Wednesday, June 6, 2012

Catching up

[We are visiting family in Brooklyn. Lots of play. But here's time to start to catch up.]

domestic yak--we thought maybe wild yak, but no

June 4, 2006, Day 18

last big walk

a good guide and true Tibetan

Today I walked the most I have walked on this trip--4 hours--with no headache or otherwise ill effects so far.
This morning I went toward AruTso with my binoculars just to see what I could see--lots of chiru, a huge bird with a white underside. And I just sat down in the Basin for a while and thought about all the loved ones I'd left behind. . . .

We've seen many chiru. I never tire of watching them and will miss their presence. Today on our walk we saw kiang though at some distance. This is truly a beautiful place. Jinpa thinks in ten years many more tourists will come. ...The Chang Tang is full of contrasts--hot sun, cold snow, noonday stillness, raging winds, the peaks and the plains, the huge glacial hills and tiny wild flowers. For me the contrasts have been beauty and incredible loneliness, the excitement of a new place and homesickness for my regular life. I think now, at the end of 18 days and the end of our next to last day in the Aru Basin, I can say I'm glad I came but I'm ready to go.

9:15 p.m. Beijing time

After supper I just went for a short walk on the plains to watch chiru a bit. They are so close and so available for watching now. Chiru have been the best part of this trip.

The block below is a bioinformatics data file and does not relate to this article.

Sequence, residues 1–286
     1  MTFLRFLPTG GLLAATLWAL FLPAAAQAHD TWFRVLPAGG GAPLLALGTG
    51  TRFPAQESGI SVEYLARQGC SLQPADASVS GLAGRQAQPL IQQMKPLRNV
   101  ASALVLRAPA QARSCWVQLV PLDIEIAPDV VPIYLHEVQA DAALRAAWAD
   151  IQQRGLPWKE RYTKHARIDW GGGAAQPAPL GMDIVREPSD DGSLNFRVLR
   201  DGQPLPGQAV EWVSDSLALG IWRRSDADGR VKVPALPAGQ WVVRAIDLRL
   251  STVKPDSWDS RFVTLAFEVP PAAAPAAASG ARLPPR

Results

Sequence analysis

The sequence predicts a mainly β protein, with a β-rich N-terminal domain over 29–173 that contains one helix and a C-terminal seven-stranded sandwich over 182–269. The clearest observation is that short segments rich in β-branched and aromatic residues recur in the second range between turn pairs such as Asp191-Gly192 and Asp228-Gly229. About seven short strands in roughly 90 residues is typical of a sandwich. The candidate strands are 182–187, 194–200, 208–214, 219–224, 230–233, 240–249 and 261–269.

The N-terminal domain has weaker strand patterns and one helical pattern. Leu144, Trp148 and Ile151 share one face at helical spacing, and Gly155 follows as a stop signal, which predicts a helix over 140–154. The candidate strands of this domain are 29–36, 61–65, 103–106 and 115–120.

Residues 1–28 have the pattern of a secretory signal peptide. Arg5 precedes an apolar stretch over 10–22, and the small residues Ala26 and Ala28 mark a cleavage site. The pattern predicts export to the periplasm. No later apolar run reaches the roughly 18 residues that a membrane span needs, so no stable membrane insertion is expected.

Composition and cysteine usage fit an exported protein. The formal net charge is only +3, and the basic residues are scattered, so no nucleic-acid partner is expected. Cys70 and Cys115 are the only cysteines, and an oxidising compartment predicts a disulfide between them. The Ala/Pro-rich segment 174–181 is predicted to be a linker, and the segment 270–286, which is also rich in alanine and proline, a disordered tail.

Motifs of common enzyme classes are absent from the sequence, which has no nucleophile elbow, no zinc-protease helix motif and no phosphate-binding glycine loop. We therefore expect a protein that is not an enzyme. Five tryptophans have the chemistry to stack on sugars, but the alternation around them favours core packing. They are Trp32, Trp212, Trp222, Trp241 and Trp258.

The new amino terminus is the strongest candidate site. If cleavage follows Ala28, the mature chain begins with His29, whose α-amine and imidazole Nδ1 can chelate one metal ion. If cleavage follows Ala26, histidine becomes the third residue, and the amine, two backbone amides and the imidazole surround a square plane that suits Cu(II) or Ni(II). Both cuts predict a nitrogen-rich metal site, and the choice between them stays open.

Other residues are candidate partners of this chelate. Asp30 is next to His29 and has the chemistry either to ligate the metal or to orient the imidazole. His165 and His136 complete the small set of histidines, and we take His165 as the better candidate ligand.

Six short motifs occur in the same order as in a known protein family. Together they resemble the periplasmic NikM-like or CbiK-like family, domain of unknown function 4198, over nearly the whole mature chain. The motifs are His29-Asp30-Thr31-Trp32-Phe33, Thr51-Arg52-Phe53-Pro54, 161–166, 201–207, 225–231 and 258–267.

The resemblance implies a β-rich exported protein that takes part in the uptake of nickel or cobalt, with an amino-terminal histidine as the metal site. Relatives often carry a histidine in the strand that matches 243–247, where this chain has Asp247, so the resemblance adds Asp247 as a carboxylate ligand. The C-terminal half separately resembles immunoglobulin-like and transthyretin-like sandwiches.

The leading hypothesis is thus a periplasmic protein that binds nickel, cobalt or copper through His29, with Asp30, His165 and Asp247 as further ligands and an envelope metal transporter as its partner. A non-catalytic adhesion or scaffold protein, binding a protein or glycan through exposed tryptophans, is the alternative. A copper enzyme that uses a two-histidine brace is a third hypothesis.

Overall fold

vegetation on the Chang Tang

June 5, Day 19, Monday 1:02 p.m. Beijing time

Our last day on the Chang Tang. This morning as I was eating my egg (this day cooked with onions) and hot chili paste I looked out the cook tent toward Aru Tso. It looked so blue as to have magical powers. I thought of walking down there and dipping my hand in and wondered what the lake would demand in trade for that magic. I did start walking down there after breakfast, took some pictures of vegetation and wild flowers. I hope maybe they'll be useful to Linda [illustrator of The Chiru of High Tibet] . I saw about 4 gazelle, six adult male chiru, and one young one--much smaller no horns--and about 30 kiang. After 1-1/2 hours I started back. I suppose if I got up early and walked half a day I might get to the lake but I think I actually like walking toward the lake as much as getting to the lake. It occurred to me that maybe another message of the Aru Basin has something to do with not striving. But I haven't been able to put that together with Bob Moses's life and Martin Luther King's life, both so full of striving for justice.

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